FOXBORO, Mass. — The Patriots started their string of voluntary offseason activities on Monday, and they'll conduct a dozen of these spring practices over the next several weeks. It's a good way to get guys in a football mindset midway through the offseason.
Here's a six-pack of things to monitor during New England's OTA's (all are closed to the public, but four are open to the media):
1. Logan Mankins' attendance
The starting left guard, who has been New England's most consistent offensive lineman for the past few seasons, is unhappy with his contract, and it's unlikely he'll be in attendance for the Patriots' organized team activities. Mankins hasn’t been at Gillette Stadium since the majority of his teammates reported in March, and it doesn’t sound like he'll be around for any voluntary workouts. The Patriots don’t have any mandatory sessions until minicamp from June 15-17.
New England tendered Mankins, a restricted free agent, for a one-year, $3.268 million contract, but the left guard hasn’t signed it. If you're wondering what might make Mankins a happy man, check out the seven-year, $56.7 million contract recently signed by Saints guard Jahri Evans. Until the Patriots come to the table with that kind of cake, it's unclear when Mankins will pull up his seat.
2. The Brady-Moss connection
It's always been interesting watching Tom Brady work with Randy Moss at these practices. They've had a great rapport on and off the field, and it's been fun to see them sync up and get into a rhythm during these low-stress sessions. The two have also broken off on their own for plenty of one-on-one conversations while the team has focused on other aspects. However, with the uncertainty of Wes Welker's health, Brady might find it more beneficial to spend some extra time with Torry Holt, Julian Edelman and Brandon Tate.
3. Reps for the front seven
There are a ton of possibilities with the front seven due to the additions of defensive linemen Damione Lewis, Gerard Warren, Brandon Deaderick and Kade Weston, as well as linebackers Brandon Spikes, Jermaine Cunningham and (after losing his rookie season to a knee injury) Tyrone McKenzie. Couple that with the release of Adalius Thomas, and there promises to be a flurry of new combinations, both in the 3-4 and 4-3.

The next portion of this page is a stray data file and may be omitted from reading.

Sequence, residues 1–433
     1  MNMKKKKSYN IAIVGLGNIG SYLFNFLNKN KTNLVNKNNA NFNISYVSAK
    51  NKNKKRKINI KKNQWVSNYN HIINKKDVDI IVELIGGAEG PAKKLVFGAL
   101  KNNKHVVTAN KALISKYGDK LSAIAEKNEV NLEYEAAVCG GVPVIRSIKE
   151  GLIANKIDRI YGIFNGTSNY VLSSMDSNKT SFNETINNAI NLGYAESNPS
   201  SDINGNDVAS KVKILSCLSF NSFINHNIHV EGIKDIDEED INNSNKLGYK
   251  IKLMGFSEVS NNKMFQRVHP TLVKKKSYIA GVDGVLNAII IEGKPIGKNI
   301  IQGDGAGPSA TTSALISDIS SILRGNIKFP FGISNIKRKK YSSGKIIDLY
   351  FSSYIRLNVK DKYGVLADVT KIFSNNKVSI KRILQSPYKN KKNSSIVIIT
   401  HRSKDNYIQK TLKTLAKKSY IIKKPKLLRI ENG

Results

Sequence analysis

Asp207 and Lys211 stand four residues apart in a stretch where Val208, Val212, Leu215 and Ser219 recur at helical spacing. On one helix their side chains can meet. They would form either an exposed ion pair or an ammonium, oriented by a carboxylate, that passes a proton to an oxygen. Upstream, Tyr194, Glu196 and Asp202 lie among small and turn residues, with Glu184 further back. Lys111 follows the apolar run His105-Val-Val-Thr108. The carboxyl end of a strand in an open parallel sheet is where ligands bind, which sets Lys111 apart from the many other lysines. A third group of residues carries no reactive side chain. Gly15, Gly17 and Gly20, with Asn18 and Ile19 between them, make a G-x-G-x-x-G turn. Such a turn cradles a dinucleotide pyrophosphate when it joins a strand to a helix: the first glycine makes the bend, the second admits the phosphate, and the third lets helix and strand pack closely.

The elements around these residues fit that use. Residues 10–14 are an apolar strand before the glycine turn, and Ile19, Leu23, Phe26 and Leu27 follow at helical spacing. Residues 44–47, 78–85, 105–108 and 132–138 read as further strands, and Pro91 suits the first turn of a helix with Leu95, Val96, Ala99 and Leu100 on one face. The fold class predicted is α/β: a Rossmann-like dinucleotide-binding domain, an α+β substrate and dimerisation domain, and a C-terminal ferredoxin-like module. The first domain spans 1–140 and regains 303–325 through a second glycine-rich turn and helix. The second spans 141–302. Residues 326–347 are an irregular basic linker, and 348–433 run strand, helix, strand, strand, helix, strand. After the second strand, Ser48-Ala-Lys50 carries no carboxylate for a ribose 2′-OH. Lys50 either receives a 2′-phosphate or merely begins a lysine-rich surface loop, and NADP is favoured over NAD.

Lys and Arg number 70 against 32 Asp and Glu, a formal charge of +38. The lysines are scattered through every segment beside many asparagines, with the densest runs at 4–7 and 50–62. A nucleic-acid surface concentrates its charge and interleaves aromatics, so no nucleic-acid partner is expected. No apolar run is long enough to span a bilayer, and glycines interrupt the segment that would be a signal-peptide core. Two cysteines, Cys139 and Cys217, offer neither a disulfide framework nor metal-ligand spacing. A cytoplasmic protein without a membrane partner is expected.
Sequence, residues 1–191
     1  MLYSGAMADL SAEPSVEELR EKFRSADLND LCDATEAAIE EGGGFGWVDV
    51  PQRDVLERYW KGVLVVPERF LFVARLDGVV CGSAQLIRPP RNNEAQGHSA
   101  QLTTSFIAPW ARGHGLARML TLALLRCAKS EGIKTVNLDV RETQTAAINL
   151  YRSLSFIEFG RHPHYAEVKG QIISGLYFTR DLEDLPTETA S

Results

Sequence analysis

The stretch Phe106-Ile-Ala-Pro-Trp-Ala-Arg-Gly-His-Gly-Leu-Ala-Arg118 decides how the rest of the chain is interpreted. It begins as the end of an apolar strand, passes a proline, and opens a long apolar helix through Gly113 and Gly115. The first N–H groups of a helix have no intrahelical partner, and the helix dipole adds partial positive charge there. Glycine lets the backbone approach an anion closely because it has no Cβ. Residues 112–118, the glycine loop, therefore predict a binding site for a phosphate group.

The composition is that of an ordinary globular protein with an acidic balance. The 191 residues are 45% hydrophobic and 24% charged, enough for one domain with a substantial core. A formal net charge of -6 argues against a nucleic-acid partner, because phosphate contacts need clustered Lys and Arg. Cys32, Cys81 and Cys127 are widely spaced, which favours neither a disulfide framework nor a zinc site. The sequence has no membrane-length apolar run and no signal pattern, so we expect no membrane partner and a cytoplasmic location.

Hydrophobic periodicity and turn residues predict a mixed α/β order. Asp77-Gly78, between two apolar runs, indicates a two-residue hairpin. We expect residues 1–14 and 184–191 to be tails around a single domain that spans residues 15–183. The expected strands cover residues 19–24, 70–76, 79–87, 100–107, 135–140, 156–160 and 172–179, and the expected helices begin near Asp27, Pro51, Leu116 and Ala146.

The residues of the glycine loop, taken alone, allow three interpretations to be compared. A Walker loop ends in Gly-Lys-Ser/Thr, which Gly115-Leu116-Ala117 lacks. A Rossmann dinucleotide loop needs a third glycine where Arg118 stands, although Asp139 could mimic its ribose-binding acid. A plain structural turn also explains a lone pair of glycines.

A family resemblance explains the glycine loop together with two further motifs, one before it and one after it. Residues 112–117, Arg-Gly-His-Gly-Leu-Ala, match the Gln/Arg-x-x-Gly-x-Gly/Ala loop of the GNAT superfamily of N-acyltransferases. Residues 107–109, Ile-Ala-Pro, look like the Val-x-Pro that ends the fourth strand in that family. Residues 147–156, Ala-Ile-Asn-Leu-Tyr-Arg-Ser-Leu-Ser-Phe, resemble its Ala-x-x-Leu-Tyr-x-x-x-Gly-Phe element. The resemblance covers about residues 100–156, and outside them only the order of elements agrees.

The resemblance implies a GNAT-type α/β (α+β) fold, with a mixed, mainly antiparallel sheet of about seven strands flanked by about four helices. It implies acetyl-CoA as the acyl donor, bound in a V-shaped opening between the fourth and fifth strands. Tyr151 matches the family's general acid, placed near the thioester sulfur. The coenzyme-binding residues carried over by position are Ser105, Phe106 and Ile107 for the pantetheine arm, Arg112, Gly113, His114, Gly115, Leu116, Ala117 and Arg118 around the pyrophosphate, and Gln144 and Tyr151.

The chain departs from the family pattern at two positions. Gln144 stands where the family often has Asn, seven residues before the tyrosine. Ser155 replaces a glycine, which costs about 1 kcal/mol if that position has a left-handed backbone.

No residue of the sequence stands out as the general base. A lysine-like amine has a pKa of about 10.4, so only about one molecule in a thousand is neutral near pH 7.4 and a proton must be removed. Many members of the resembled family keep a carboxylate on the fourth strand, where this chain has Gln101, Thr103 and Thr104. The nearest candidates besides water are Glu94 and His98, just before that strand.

4. Cornerback competition
Leigh Bodden will be the Patriots' starter at right cornerback, and that’s one of the very few solidified positions on defense. (Think about it: With the positional battles and Bill Belichick's use of sub packages, Bodden, Brandon Meriweather, Jerod Mayo, Vince Wilfork, Ty Warren and maybe Tully Banta-Cain are the Pats' only locked-in starters at this point.) Darius Butler, Devin McCourty and Jonathan Wilhite will vie for playing time on the right side, and it promises to be one of the best competitions over the next three months.
5. Brian Hoyer's improvement
The undrafted free agent had a shaky start to his Patriots career, but he was one of their most improved players throughout the course of the team's 2009 training camp and preseason. He overcame some great odds to beat out Matt Gutierrez, Kevin O'Connell and Andrew Walter to become Brady's lone backup, and Hoyer's talent seems to be held with high regard by the coaching staff. With a full year of NFL workouts under his belt and a true desire to continue improving, Hoyer's progress should be noticeable.
6. Return game
The Patriots were mediocre returning kicks last season. Their average of 22.7 yards ranked 15th in the NFL, and their longest kick return of 52 yards was fifth worst in the league. The short of it, they had no home-run potential, and that’s got to change in 2010. Butler should get a serious chance, but Edelman, Tate and McCourty will get their shot, too. Consider Monday as the beginning of an open tryout.